It’s difficult not to sympathize with Gance’s side of the story. A young and enthusiastic director’s joy nipped in the bud by cold business interests. That’s a story as old as movie studios themselves. However, two things could be true: Gance fell victim to the rising studio system and the film that was the catalyst was, in fact, not a very good picture.
This leads me to another pet peeve when discussing films: Understanding what the filmmaker was attempting does not automatically mean that they succeeded in what they were trying to do. This comes up repeatedly. “Well, they did this because it means XYZ.”
In the immortal words of Dan Hedaya in Joe vs. the Volcano: “I know he can get the job, but can he do the job?” Close only counts with horseshoes and hand grenades. Is it interesting to see an early experiment from a famous director? Yes, it is. But it’s okay to call it interesting and leave it at that.
The Madness of Dr. Tube is two minutes of movie in a twelve-minute sack. While it certainly has its fans, it seems that much of its acclaim has been retroactively assigned in light of Gance’s phenomenal later career and his David and Goliath tale of philistine studio interference. I do think that we need to at least examine the possibility that this is not a psychological experiment or an avant-garde artwork but, rather, simply a trick shot comedy that suffers from poor pacing.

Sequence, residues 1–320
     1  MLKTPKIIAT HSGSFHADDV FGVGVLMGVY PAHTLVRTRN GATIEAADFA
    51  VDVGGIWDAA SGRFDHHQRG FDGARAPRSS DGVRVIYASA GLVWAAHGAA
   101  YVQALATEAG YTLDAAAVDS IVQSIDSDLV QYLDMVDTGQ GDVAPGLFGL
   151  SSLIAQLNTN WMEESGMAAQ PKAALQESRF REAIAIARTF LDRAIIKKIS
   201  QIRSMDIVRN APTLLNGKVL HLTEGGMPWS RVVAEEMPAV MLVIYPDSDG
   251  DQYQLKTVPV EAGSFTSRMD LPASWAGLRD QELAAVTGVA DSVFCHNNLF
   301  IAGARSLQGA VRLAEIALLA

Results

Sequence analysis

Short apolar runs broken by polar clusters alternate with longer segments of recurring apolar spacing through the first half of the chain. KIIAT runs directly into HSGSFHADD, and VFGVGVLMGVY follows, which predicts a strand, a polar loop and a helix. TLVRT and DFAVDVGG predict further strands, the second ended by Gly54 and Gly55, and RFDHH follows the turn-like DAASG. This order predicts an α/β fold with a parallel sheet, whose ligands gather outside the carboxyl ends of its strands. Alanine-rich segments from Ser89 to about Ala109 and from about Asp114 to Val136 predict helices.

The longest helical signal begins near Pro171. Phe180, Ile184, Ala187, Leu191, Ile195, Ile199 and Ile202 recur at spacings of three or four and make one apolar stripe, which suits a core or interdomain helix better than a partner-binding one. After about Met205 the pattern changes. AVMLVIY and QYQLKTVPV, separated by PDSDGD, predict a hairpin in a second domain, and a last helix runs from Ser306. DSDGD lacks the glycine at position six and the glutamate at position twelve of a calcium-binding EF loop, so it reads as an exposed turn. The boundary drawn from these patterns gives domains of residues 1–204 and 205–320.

When faced with a film like The Madness of Dr. Tube, we would do well to refer to David Macaulay’s satirical book The Motel of the Mysteries, in which an average 20th century American motel room is unearthed by 41st century archaeologists. Due to it being a rare intact example of such architecture, it is dubbed a burial vault, the toilet seat is believed to be a sacred collar and the television is an altar because all the furniture in the room is turned to face it.
Long story short: I don’t think it’s that deep. At least, not based on my experiences with French comedy of this era. Film historian Kevin Brownlow, one of Gance’s biggest champions, put it best in The Parade’s Gone By… when he described the film as a “self-indulgent romp with camera tricks” rather than having any profounder goal beyond the joy of experimentation.
Is it worth seeing? Yes, for Gance completists, especially in light of his own personal feelings toward the picture. But be prepared for an absurdly low steak-to-sizzle ratio.
Where can I see it?
Watch it online for free courtesy of Henri. There are English subs in the option bar.